White-Haired Men Love Weed

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It came near the very end of last night's Fassbinder-long debate, so some people might have missed an interesting exchange on drugs. It started when Tim Russert used Chris Dodd as a fulcrum to get the frontrunning candidates to talk about legal pot.

Russert: Senator Dodd, you went on the Bill Maher show last month and said that you were for decriminalizing marijuana. Is there anyone here who disagrees with Senator Dodd in decriminalizing marijuana?

A little hard to see whose hands went up: Some of the crowd laughed, Biden stuck up his hand, Obama tentatively started to raise his. Edwards shot his hand up like a retiree who just scored bingo.

Russert: Senator Edwards, why?

Edwards: Because I think it sends the wrong signal to young people. And I think the president of the United States has a responsibility to ensure that we're sending the right signals to young people.

Will I shock anybody if I suggest that Edwards is an enormous phony? When a medical marijuana activist confronted him in New Hampshire, Edwards said he'd stop FBI raids on dispensaries and patients and put the FDA in charge of the issue. "It's a heewwge political footbawl," he said. Then he arrives on a debate stage, captures the football, and runs it into the end zone. "But he's talking about medical marijuana in New Hampshire and recreational use in Philadelphia!" Right, like the "wrong signal to young people" line isn't used to attack medical marijuana users.

Dodd had to throw an elbow to get in and respond to this.

Dodd: Can I respond just why I think it ought to be? We're locking up too many people in our system here today. We've got mandatory minimum sentences, they are filling our jails with people that don't belong there. My idea is to decriminalize this, reduce that problem here. We've gone from 800,000 to 2 million people, in our penal institutions in this country. We've got to get a lot smarter about this issue than we are. And as president, I'd try and achieve that.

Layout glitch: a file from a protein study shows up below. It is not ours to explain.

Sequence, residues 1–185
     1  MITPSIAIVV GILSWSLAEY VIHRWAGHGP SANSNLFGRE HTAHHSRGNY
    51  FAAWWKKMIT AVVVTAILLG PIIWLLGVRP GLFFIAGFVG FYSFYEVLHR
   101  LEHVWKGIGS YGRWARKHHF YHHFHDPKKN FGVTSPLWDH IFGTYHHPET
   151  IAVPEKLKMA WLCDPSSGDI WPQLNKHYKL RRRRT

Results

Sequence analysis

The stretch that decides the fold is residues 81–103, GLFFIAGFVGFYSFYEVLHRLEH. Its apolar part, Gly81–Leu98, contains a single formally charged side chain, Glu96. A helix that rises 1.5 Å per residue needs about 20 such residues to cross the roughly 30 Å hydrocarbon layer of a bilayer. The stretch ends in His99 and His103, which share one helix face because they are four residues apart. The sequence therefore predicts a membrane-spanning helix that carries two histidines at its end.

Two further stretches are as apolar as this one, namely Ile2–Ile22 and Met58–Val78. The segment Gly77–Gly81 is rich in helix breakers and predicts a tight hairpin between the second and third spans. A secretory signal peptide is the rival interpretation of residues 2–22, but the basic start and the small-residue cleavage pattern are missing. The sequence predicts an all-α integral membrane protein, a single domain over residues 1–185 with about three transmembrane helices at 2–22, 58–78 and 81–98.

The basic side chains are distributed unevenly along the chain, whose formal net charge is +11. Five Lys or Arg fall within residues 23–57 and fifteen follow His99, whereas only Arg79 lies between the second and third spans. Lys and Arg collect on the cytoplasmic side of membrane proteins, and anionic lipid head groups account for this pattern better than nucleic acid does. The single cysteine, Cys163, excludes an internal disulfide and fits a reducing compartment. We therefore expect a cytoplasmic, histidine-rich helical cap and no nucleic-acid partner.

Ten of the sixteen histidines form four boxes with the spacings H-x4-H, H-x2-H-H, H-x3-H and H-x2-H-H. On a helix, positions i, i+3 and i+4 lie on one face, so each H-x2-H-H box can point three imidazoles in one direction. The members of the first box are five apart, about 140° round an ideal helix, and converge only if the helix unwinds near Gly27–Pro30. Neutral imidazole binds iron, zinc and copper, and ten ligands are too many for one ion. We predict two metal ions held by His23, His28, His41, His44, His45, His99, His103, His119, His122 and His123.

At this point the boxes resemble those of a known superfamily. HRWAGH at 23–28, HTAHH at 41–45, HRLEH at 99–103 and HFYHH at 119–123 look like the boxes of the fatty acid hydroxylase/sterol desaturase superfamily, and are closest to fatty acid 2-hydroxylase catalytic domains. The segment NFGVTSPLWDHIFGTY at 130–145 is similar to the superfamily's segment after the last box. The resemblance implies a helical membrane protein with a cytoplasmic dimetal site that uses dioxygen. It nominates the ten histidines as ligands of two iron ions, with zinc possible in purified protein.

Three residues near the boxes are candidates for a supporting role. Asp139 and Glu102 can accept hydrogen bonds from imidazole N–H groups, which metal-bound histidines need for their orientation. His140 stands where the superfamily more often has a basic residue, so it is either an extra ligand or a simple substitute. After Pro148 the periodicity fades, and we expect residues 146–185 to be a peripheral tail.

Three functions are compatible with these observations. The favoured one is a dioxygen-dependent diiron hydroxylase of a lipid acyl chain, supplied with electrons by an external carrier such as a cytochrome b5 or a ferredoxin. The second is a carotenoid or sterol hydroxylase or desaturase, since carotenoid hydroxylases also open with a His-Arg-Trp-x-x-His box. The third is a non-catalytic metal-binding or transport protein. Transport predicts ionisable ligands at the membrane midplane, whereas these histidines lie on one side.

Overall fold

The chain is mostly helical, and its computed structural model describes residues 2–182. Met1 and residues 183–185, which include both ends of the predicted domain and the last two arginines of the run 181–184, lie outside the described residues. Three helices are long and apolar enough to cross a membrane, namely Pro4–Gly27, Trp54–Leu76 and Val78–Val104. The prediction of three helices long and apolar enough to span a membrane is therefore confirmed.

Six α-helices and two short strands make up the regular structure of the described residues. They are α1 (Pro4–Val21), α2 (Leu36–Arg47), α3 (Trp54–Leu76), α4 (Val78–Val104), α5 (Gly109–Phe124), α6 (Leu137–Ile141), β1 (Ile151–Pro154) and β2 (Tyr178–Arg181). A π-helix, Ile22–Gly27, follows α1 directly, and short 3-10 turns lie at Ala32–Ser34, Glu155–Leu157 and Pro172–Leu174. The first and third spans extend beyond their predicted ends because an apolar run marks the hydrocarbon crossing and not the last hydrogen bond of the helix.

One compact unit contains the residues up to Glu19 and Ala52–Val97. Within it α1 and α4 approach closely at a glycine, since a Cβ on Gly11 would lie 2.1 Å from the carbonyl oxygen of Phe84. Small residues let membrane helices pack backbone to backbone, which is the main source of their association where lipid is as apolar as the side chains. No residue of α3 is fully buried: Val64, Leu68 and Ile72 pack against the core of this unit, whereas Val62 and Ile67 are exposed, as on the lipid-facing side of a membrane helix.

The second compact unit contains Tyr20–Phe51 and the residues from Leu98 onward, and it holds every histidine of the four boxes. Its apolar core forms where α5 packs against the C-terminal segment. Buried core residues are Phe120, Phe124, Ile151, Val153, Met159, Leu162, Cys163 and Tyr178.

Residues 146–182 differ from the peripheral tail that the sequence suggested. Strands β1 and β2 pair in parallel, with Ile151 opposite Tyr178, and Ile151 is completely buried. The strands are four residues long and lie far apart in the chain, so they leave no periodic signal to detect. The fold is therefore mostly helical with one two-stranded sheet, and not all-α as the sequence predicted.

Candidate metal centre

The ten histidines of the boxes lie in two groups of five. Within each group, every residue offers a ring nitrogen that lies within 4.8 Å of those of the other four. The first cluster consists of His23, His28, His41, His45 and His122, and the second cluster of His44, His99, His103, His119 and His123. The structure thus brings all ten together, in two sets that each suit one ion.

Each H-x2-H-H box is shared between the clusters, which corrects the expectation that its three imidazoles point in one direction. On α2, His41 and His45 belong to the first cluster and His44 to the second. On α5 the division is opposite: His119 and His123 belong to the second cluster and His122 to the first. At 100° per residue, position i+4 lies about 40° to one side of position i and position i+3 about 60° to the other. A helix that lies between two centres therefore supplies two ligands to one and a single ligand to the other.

There are now three Democratic candidates* who say unequivocally that they want decriminalized marijuana: Dodd, Dennis Kucinich and Mike Gravel. Combined, they poll at around 2 percent.

I've posted some of Dodd's and Gravel's chatter about this at Reason.tv.

*fixed

NEXT: Are Pee Tests a Drain on Student Morale?

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  1. Edwards: Because I think it sends the wrong signal to young people. And I think the president of the United States has a responsibility to ensure that we’re sending the right signals to young people.

    But thousands of beer advertisements on TV does send the right message to “young people”? I thought Edwards was an empty suit douchebag before, but this takes the cake.

  2. And good for Dodd, I hope he gets a bump in the polls.

  3. I think Dodd and Gravel should have a staring contest. Or a rock throwing contest. Or a staring and a rock throwing contest. And they should videotape it and post it on youtube.

  4. Wait a minute…considering Dr Paul is polling about 5 percent, does that mean that Republicans are more in favor of decriminalization than Democrats?

  5. What we need is for some sort of weird voltron formed from Gary Johnson and Bill Richardson.

    Actually, we don’t really need the Bill Richardson part.

    ps – lol @ de stijl

  6. I’m liking Dodd more and more every day.

    The only Dem taking a forceful stance on upholding the Constitution, and now this pretty unequivocal stance on decriminalization.

    He comes off as more honest and more of a straight shooter than the rest of the Dem field, and actually has the courage of his convictions (declared he would put a hold on any legislation that givees immunity to telcos for going along with the illegal NSA spyng program). He is actually trying to lead on issues he deems important.

    Now granted, he may only be acting this way because he isn’t a “top-tier” candidate, but who cares? Someone needs to make sure these things get talked about. And Dodd has more credibility, i believe, than Kucinich and Gravel.